Illinois’ Best and the Brightest Tackle e-Waste

Last week my colleague Sean Nicholson wrote about the refurbished
PC market
. While many of the tens of millions of used PCs discarded each
year can be refurbished and reused,
some have reached the end of their life and need to be disposed of properly—which
brought me to Champaign, Illinois this week.  

‘Ever wonder what happens to your electronic waste - that
old computer or cell phone that you discard?’ 
This was just one of the many challenging questions that the students
from University of Illinois had to answer when competing in the first annual Sustainable e-Waste Design Competition.  The goal of the competition was to educate
students, the university community at large and ultimately the nation (and of
course me too!) about the importance of understanding and resolving the growing
international problem of electronic waste. 

I was lucky enough to be asked by Willie Cade, CEO of PC Rebuilders and Recyclers based in Chicago, a Microsoft
Authorized Refurbisher, to be one of 10 judges to participate in this great event.  It was a good opportunity to learn from my
fellow judges about their efforts in e-waste management.  There’s a diverse range of groups working to
address this problem – there were representatives from Dell, Wal-Mart, and the
U.S. Environmental Protection Agency, amongst others.

The competition was a grassroots effort.  The students organized a campus-wide e-waste
collection drive and through a very creative promotional campaign they
collected over 650 items weighing over 5 tons , including desktops, laptops,
monitors, keyboards, cell phones, and even overhead projectors!  Some of these PCs can be refurbished and put to reuse,
and some are so old they just needed to be disposed of properly.  The students’ goal was to come up with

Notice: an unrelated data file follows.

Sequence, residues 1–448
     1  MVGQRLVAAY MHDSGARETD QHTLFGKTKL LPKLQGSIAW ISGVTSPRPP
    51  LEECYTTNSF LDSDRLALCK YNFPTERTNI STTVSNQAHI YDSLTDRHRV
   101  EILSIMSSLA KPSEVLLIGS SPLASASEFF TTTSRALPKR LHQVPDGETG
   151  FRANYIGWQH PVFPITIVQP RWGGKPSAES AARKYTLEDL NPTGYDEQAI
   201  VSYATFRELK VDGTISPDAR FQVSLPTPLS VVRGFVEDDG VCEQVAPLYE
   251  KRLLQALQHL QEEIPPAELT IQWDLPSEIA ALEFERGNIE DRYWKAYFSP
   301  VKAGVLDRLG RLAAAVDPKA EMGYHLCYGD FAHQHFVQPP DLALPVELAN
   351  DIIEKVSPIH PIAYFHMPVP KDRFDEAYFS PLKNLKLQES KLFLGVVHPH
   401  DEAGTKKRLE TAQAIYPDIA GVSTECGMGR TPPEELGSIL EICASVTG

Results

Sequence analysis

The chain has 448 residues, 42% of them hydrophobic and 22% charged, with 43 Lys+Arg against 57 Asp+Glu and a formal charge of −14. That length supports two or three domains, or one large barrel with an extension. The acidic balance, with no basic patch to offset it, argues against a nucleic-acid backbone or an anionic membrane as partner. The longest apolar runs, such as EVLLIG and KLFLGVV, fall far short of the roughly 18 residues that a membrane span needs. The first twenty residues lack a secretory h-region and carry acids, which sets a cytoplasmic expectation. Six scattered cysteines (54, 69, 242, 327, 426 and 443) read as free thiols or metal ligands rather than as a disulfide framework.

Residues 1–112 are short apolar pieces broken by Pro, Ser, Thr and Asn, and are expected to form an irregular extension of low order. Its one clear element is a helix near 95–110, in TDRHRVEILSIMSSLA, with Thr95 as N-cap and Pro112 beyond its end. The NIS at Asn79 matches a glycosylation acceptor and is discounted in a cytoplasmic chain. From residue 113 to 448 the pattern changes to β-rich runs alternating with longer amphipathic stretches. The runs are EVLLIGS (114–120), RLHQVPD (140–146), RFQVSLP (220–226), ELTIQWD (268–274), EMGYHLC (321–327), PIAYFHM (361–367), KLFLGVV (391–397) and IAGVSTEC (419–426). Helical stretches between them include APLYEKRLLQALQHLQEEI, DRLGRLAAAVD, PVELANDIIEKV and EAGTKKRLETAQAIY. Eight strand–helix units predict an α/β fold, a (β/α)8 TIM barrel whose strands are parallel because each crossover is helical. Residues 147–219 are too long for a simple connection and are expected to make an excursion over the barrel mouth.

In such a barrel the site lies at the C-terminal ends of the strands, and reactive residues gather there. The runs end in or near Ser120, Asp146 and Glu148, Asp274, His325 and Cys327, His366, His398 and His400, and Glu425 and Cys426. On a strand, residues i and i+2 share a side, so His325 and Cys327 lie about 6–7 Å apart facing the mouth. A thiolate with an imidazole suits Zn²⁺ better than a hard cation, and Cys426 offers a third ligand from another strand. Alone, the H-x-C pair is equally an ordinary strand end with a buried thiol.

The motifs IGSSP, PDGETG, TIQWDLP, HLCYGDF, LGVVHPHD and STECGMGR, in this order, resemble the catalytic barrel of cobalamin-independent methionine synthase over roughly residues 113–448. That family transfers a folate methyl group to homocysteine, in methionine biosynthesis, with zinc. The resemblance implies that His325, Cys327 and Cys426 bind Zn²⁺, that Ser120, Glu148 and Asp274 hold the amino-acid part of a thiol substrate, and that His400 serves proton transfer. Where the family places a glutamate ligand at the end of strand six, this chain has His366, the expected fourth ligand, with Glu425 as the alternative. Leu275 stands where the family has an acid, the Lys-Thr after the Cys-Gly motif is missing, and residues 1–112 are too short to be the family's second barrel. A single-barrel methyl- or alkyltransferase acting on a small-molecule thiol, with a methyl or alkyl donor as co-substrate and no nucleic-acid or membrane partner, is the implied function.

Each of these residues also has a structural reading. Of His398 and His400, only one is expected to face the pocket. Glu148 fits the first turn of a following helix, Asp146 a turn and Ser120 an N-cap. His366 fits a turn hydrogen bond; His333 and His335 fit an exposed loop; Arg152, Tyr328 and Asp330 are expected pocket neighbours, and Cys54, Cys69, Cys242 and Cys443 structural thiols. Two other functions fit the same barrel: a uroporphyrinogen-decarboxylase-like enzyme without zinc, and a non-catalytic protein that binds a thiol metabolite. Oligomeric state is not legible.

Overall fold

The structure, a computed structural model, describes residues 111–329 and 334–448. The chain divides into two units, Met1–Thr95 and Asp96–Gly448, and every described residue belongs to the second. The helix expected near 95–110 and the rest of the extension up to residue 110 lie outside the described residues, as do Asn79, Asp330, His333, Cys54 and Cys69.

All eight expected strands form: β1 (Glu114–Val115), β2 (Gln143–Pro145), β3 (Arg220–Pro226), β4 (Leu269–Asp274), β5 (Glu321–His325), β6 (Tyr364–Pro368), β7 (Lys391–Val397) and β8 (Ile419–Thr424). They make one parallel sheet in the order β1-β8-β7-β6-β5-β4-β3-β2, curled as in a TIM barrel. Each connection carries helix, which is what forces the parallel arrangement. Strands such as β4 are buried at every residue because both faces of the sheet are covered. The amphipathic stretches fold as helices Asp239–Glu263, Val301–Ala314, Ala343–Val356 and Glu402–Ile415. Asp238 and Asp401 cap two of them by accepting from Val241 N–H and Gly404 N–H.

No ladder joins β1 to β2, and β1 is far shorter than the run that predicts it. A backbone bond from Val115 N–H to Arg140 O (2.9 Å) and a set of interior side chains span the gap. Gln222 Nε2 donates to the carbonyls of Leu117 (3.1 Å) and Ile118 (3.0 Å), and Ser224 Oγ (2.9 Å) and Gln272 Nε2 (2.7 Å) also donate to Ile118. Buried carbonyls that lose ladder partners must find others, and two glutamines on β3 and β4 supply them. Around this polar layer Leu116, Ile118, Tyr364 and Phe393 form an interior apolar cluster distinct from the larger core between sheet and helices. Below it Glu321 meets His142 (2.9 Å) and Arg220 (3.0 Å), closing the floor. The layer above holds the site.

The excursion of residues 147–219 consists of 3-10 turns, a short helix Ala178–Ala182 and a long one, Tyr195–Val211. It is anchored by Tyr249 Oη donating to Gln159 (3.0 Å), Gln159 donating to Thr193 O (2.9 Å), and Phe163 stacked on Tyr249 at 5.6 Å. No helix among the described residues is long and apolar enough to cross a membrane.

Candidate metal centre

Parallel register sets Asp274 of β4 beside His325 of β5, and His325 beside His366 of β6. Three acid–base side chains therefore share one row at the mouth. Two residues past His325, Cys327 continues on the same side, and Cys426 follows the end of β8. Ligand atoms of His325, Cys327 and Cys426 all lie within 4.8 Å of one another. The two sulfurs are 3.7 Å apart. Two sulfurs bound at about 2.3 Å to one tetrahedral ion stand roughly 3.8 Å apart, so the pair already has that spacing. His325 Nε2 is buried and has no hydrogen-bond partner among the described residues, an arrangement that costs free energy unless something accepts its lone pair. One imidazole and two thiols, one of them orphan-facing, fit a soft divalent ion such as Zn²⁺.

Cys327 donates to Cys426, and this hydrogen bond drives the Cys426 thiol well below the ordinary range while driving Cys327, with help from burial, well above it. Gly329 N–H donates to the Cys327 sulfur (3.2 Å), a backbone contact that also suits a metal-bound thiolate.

creative ways to address the problem of e-waste both locally and beyond.

I think Megan Kenney, an Industrial Design major and a
competitor, summed up the competition brilliantly:

“I realized how much e-waste people
are actually storing because of the mere fact that they are not sure how or
where to discard it. This realization was made even more apparent when the people
driving up in their cars and discarding their e-waste, were thanking us for
taking this waste from them. Through unloading and listening to the responses
of people, I began to think that this collection event was the start of
something much larger than our school. The extent of what was going to be made
from this waste, by the students in the class, was boundless and could possibly
be the solution to a major worldwide problem.”  

What resonated with me the most was Megan’s enthusiasm,
passion and knowledge around addressing e-waste head on was also shared by her
fellow students which made it particularly difficult in choosing the winners of
the competition.  I was impressed by the
resourcefulness, creativity and ultimately practical application of various
prototypes.  In my next post, I want to
tell you about the winners and their entries.


-- William Calarese

International PR Director for Unlimited Potential